Submissions revealed limited information about the circumstances in which civil litigants currently seek access to telecommunications data or the circumstances in which they have done so in the past. Under existing arrangements, access can be sought in any number of circumstances provided relevant legal requirements, such as court rules, are met. Similarly, any type of available data could potentially be accessed, although it appears that requests commonly relate to billing and subscriber records.
Information was sought from telecommunications providers and legal sector stakeholders about the types of civil matters for which telecommunications data had been obtained in the past. No submissions received shed light on that question. Telecommunications providers advised that court documents generally only list the names of the parties, the court and the data requested – they do not identify the type of matter to which they relate. However, it appears that, in relative terms, a modest number of requests for data have been made in civil proceedings in the past when compared with the number of data authorisations made by law enforcement agencies. Figures published by Telstra indicate that in the 2015-16 financial year it responded to 518 court orders which ‘typically… involve a civil dispute that involves individuals or organisations’. This represents less than one per cent of Telstra’s total ‘law enforcement requests’, excluding those from national security agencies. It is difficult to predict whether requests from civil litigants (volume, type of data requested and the purposes for which requests are made) will change after the prohibition commences.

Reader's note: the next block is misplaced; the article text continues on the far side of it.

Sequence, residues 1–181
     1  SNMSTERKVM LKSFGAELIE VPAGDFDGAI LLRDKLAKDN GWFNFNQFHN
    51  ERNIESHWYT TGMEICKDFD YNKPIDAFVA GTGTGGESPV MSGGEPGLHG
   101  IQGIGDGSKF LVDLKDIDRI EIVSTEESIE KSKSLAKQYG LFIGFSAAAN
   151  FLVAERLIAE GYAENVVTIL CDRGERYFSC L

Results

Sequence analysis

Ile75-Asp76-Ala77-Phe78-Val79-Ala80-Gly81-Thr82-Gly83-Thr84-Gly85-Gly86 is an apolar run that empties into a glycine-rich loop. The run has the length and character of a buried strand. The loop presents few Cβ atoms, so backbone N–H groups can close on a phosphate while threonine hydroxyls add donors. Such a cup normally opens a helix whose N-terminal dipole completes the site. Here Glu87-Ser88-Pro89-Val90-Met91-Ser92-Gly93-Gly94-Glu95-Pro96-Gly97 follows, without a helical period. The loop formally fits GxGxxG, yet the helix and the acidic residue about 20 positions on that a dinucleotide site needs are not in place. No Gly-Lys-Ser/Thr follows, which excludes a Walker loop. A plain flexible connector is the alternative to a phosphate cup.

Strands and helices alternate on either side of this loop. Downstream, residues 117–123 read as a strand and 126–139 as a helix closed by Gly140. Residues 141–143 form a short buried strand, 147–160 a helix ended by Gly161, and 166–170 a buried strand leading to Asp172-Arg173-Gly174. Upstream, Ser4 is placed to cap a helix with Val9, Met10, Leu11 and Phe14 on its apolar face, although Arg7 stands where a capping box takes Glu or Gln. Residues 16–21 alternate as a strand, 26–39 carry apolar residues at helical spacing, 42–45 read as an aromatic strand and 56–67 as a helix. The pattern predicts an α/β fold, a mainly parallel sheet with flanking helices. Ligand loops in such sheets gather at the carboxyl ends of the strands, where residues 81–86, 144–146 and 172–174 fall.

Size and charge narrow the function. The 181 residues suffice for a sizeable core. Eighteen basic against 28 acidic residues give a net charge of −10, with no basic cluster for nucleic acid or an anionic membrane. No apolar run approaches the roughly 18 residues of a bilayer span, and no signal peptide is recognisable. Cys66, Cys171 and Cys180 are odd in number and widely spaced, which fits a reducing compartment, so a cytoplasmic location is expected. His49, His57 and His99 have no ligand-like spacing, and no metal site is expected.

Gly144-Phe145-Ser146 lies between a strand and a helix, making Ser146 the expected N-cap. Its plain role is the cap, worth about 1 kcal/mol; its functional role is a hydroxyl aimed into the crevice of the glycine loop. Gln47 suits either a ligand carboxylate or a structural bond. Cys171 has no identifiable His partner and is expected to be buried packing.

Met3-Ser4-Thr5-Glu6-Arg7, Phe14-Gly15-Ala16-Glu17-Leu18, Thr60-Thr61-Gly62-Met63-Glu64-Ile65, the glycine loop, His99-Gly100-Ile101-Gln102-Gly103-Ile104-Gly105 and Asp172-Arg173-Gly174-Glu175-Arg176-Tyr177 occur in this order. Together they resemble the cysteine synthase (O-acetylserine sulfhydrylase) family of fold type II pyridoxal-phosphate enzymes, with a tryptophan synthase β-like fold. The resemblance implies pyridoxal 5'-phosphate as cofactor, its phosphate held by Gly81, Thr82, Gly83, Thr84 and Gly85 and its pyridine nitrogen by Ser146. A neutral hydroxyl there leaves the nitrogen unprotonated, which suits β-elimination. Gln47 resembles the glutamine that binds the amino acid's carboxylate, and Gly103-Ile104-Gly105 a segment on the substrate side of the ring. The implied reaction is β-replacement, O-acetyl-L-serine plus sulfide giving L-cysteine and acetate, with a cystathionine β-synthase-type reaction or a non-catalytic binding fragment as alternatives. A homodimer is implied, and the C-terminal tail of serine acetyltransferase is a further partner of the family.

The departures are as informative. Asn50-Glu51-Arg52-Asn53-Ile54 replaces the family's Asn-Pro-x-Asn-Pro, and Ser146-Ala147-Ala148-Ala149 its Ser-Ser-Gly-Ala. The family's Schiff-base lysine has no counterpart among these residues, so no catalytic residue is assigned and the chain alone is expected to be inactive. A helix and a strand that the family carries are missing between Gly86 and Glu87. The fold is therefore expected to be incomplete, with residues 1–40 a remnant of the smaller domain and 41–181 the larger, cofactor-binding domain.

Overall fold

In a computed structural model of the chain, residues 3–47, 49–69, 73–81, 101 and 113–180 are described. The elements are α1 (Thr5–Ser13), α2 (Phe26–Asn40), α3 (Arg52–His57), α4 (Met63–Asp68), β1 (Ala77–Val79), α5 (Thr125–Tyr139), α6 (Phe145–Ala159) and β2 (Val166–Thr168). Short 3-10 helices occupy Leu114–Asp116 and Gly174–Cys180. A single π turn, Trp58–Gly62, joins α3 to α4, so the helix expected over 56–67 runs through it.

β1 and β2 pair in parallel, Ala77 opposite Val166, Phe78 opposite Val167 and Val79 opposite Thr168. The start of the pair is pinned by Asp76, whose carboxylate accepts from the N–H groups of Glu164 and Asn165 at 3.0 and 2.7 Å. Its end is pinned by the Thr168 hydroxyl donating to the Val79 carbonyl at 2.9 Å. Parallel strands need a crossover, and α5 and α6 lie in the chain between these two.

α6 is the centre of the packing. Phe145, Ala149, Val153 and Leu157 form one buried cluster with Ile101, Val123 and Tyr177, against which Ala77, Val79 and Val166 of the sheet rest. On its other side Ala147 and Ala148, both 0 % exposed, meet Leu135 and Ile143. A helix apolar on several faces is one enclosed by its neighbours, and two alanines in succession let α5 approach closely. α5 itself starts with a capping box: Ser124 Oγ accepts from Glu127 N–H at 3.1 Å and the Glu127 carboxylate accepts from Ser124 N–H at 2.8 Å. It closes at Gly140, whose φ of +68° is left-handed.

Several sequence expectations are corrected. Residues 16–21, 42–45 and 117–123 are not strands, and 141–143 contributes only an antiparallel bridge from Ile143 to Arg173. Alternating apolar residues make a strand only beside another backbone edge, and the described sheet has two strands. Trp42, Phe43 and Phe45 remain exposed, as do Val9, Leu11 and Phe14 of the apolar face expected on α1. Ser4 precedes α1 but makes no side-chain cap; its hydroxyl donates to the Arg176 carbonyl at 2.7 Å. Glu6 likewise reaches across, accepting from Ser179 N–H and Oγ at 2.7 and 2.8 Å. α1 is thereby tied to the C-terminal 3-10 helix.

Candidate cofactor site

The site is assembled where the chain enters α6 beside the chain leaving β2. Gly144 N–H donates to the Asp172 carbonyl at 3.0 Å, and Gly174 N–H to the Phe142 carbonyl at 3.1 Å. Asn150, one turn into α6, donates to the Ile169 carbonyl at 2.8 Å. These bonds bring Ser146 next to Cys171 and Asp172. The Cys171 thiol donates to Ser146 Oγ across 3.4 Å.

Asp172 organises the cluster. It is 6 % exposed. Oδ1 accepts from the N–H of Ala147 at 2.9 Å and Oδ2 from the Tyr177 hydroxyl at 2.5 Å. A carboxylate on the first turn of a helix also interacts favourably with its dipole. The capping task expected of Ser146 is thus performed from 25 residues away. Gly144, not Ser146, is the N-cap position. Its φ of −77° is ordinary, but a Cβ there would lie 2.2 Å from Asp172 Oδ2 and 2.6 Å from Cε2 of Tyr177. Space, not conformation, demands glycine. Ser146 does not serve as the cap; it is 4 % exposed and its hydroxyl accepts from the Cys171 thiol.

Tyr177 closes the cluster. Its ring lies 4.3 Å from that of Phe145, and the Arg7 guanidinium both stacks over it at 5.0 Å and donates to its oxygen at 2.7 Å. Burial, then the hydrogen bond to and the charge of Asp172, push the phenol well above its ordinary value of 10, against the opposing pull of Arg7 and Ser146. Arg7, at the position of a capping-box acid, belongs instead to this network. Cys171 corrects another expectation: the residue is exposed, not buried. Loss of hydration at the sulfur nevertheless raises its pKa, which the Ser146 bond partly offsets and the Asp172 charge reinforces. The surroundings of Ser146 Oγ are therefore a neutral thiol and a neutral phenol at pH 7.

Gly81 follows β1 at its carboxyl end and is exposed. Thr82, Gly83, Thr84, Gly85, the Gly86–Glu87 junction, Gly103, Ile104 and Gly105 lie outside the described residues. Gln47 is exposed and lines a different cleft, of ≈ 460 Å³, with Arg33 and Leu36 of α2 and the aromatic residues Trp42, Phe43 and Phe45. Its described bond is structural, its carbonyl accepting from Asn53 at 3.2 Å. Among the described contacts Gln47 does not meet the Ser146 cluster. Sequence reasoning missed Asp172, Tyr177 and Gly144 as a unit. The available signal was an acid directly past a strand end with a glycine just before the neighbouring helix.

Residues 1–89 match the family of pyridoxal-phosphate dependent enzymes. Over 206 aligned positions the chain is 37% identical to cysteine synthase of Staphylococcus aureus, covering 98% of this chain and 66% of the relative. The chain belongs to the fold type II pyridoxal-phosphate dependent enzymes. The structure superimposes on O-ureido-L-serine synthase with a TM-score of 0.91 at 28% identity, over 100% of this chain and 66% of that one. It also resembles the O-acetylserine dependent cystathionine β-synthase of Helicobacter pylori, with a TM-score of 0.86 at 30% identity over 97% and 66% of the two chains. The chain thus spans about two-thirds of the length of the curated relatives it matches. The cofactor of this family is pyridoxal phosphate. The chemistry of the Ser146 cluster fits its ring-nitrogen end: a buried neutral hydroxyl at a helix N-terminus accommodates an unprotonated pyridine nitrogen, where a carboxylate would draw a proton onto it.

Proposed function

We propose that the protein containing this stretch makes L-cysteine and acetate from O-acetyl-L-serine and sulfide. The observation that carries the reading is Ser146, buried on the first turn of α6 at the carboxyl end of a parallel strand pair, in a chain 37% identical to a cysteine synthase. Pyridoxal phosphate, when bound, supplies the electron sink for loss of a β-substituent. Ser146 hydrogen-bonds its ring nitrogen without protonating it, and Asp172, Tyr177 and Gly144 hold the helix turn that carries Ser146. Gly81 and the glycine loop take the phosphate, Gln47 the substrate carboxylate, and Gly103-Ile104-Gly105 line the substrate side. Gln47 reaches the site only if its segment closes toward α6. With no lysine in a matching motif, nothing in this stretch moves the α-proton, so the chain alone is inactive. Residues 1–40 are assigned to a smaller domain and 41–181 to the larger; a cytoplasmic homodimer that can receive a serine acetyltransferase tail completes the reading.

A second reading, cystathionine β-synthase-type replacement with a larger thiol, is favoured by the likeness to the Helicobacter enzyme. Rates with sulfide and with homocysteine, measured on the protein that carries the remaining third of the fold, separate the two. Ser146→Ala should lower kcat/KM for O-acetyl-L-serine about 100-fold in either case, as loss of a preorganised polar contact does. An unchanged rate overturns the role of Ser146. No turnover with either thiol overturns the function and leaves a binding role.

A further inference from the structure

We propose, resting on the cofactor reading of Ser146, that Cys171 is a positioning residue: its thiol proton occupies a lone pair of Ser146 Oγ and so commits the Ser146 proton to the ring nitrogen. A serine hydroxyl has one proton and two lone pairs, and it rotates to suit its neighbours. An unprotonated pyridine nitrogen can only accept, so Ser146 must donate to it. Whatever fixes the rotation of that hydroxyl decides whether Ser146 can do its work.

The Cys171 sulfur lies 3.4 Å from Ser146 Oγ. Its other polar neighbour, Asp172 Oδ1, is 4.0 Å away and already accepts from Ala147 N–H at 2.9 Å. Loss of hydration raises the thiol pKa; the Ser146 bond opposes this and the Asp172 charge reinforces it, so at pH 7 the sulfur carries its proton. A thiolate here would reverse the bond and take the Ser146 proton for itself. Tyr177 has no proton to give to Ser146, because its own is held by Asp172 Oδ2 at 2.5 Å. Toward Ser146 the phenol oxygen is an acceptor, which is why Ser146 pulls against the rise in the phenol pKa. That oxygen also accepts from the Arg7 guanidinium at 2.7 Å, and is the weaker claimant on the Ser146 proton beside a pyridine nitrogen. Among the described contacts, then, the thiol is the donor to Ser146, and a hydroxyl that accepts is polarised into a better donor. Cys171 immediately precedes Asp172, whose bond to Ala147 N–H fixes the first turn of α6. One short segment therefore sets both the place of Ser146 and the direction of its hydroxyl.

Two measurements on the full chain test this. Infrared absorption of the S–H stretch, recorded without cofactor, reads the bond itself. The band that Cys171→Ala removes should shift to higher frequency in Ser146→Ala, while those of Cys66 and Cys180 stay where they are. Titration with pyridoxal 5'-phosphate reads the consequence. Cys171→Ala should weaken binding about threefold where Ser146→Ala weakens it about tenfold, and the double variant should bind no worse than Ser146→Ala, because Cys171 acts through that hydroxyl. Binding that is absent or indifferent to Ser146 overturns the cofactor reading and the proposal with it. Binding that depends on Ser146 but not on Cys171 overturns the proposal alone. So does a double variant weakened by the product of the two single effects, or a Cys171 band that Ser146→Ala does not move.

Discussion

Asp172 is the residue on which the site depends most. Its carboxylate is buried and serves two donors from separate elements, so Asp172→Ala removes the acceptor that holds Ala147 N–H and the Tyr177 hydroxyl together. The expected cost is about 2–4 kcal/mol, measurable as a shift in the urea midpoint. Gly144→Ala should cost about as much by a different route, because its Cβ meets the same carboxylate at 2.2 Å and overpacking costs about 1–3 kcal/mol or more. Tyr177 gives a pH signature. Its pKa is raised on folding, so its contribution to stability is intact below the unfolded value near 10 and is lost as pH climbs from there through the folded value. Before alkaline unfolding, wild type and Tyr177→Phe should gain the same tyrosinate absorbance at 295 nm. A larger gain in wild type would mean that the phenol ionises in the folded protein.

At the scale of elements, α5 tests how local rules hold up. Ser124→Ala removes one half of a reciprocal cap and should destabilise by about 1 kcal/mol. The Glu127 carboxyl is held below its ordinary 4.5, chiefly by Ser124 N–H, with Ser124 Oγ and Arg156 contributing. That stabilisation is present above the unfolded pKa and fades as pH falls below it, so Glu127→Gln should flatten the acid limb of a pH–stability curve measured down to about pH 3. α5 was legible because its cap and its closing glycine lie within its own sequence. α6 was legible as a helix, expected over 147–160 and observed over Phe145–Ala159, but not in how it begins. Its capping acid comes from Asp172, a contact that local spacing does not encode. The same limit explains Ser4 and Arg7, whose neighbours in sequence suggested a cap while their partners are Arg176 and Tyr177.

Evidence for exceptions
The review received little compelling evidence justifying exceptions to the prohibition in relation to particular types of civil matters. However, contributions from the Australian Federal Police (AFP), the Queensland College of Teachers (QCT), the Queensland Crime and Corruption Commission (CCC Qld), the ACT Justice and Community Safety Directorate (ACT Directorate) and the Law Council of Australia did raise issues for further consideration. Both the AFP and the CCC Qld indicated that it would be useful for law enforcement-related civil proceedings to be excluded from the prohibition. The AFP gave examples of proceeds of crime proceedings, child protection orders and apprehended violence orders, and the CCC Qld agreed that retained data is of ‘particular importance where civil proceedings are closely linked to a criminal matter’. The AFP and CCC Qld are criminal enforcement agencies under the Telecommunications (Interception and Access) Act 1979 (TIA Act). Access and use of telecommunications data by enforcement agencies such as the AFP and the CCC Qld is regulated by the TIA Act and separate to the current review.